El Salvador embraces Bitcoin as new legal tender powering financial inclusion
- The ATMs will allow its citizens to convert the cryptocurrency into US dollars and withdraw it in cash
- Transactions will be commission-free, with 50 financial branches across the country for withdrawing or depositing funds
- Adopting Bitcoin will save Salvadorans US$400 million/year in fees for receiving cross-border remittances, says the President
El Salvador’s Bitcoin law will take effect on September 7 this year, and Salvadorans will be able to download the government’s Chivo digital wallet, enter their ID number and receive US$30 in Bitcoin, according to the country’s finance minister Alejandro Zelaya. In preparation for adopting Bitcoin as legal tender, the government is further rolling out 200 ATMs and preparing 50 bank branches across the nation, to allow residents to exchange crypto for fiat (that’s classical money to you and me) easily.
Adoption is not compulsory though, President Nayib Bukele said, noting that those not interested in using Bitcoin would be able to exchange the Chivo wallet amount for cash at any of the physical locations. He also reiterated that the US dollar will continue to be in circulation. So far, the El Salvador government has created a US$150 million fund to back Bitcoin to US dollar conversions.
Los #PuntosChivo se están construyendo en todas partes.
Ahí podrán recibir ayuda en cómo utilizar la aplicación, como funciona el #bitcoin, como retirar o depositar dinero, como usar los cajeros y como recibir dinero de cualquier parte del mundo.
Todo SIN COMISIONES, a nadie. pic.twitter.com/mBU5G8OHzb
— Nayib Bukele 🇸🇻 (@nayibbukele) August 23, 2021
The road to accepting Bitcoin as legal tender
The government created Chivo, it’s own state-backed crypto wallet that would be compatible with the new ATMs and would be interoperable with any existing crypto wallet. “What if someone doesn’t want to use Bitcoin?” Bukele asked. “Don’t download [Chivo] and continue living your normal life. Nobody is going to take your dollars.”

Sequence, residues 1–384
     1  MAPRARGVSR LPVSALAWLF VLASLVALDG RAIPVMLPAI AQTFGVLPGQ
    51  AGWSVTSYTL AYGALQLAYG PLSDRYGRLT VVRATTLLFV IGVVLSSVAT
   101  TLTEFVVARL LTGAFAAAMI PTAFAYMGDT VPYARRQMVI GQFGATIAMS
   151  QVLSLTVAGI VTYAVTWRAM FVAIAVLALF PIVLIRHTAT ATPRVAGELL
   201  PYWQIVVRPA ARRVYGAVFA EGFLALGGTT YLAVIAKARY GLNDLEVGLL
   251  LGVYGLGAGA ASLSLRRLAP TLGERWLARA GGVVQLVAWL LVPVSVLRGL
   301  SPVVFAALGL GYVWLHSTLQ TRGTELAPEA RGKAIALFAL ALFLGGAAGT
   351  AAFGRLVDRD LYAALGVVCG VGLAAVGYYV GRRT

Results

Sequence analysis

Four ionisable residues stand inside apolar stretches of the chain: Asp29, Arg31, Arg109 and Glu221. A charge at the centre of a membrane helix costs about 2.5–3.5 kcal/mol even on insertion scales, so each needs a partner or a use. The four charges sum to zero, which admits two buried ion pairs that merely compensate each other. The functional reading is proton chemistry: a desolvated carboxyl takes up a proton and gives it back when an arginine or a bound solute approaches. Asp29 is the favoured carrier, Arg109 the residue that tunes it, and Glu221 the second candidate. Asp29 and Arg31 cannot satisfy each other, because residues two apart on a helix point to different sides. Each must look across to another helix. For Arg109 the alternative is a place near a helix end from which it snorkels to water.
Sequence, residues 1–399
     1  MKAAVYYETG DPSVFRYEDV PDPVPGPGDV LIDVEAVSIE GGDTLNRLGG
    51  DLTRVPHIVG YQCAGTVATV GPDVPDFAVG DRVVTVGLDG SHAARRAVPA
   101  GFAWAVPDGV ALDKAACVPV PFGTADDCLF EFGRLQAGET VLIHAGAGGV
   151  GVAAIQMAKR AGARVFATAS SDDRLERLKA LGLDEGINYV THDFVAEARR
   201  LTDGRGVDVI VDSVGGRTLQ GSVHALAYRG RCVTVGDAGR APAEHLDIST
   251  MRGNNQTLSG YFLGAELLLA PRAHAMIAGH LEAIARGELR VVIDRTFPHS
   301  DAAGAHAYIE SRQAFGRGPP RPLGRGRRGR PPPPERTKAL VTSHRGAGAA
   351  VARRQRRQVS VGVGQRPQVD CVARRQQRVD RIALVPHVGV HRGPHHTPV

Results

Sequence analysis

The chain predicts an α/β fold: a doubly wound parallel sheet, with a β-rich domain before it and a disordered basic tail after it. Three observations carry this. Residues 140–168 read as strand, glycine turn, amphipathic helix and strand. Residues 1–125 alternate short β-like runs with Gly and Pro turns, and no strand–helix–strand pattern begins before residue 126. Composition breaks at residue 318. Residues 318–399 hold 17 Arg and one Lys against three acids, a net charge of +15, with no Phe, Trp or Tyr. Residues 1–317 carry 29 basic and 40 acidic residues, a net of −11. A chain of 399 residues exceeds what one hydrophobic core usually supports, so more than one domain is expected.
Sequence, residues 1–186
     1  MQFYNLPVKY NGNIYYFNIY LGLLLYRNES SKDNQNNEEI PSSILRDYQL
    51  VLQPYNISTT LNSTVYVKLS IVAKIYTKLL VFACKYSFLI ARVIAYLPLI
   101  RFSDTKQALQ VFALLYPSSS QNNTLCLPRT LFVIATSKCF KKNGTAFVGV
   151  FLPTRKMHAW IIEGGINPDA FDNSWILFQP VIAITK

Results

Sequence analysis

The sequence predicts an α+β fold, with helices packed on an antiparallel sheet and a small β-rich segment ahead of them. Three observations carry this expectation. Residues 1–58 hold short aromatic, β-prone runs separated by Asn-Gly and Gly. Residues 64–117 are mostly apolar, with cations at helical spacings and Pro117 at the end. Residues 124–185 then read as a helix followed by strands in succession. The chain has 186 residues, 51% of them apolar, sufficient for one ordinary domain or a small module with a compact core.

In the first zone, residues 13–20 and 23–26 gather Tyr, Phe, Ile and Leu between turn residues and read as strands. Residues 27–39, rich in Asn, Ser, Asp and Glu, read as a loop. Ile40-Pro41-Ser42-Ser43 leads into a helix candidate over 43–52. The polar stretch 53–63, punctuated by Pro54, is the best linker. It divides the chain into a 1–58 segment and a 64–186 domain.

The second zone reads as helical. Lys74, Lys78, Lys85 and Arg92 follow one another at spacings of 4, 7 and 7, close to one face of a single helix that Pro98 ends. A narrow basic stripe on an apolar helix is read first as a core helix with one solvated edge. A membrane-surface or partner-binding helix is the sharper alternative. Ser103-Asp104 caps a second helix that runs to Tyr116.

In 2019, cross-border remittances comprised almost US$6 billion — or one-fifth — of El Salvador’s total GDP, one of the highest ratios in the world. Bukele has maintained his Bitcoin adoption strategy is an attempt to slash transaction costs for the country’s 6.5 million citizens and help its significant unbanked population partake in the regional economy.
Passed in early June after Bukele pushed its speedy passage past the Salvadoran parliament, the nation’s Bitcoin adoption law does not have broad support in the country, with a recent poll finding less than 20% of El Salvadorans agree with the measure.
Even the country’s finance minister shared his assurances last week that consumer and business acceptance of Bitcoin will be “totally optional,” insisting no one will be sanctioned for not doing so. While a relief to many El Salvadorans wary about forced adoption, the announcement contradicts the original language of the bill which stipulated that businesses and governments must accept Bitcoin for payments of goods, services, taxes, and fines. Zelaya did not provide clarification on this apparent contradiction.
El Salvador vs the world
Many Central American countries are eagerly waiting to see if El Salvador’s adoption of bitcoin as a parallel legal tender cuts the cost of remittances, an important source of income for millions of people, according to the region’s development bank.
It also has faced criticism from the International Monetary Fund, which issued stern warnings to other countries against following El Salvador’s example, as well as institutions like Fitch Ratings, which predicts fallout from the Bitcoin law will hurt the nation’s insurance sector.
Fitch reckons most notable is the risk of exchange-rate volatility, stemming from the requirement that insurers accept Bitcoin. Such firms will be under pressure to quickly convert Bitcoin to dollars to avoid price risk. If that is not possible, insurers could face steep losses should Bitcoin prices sell off in large volumes.
2 July 2022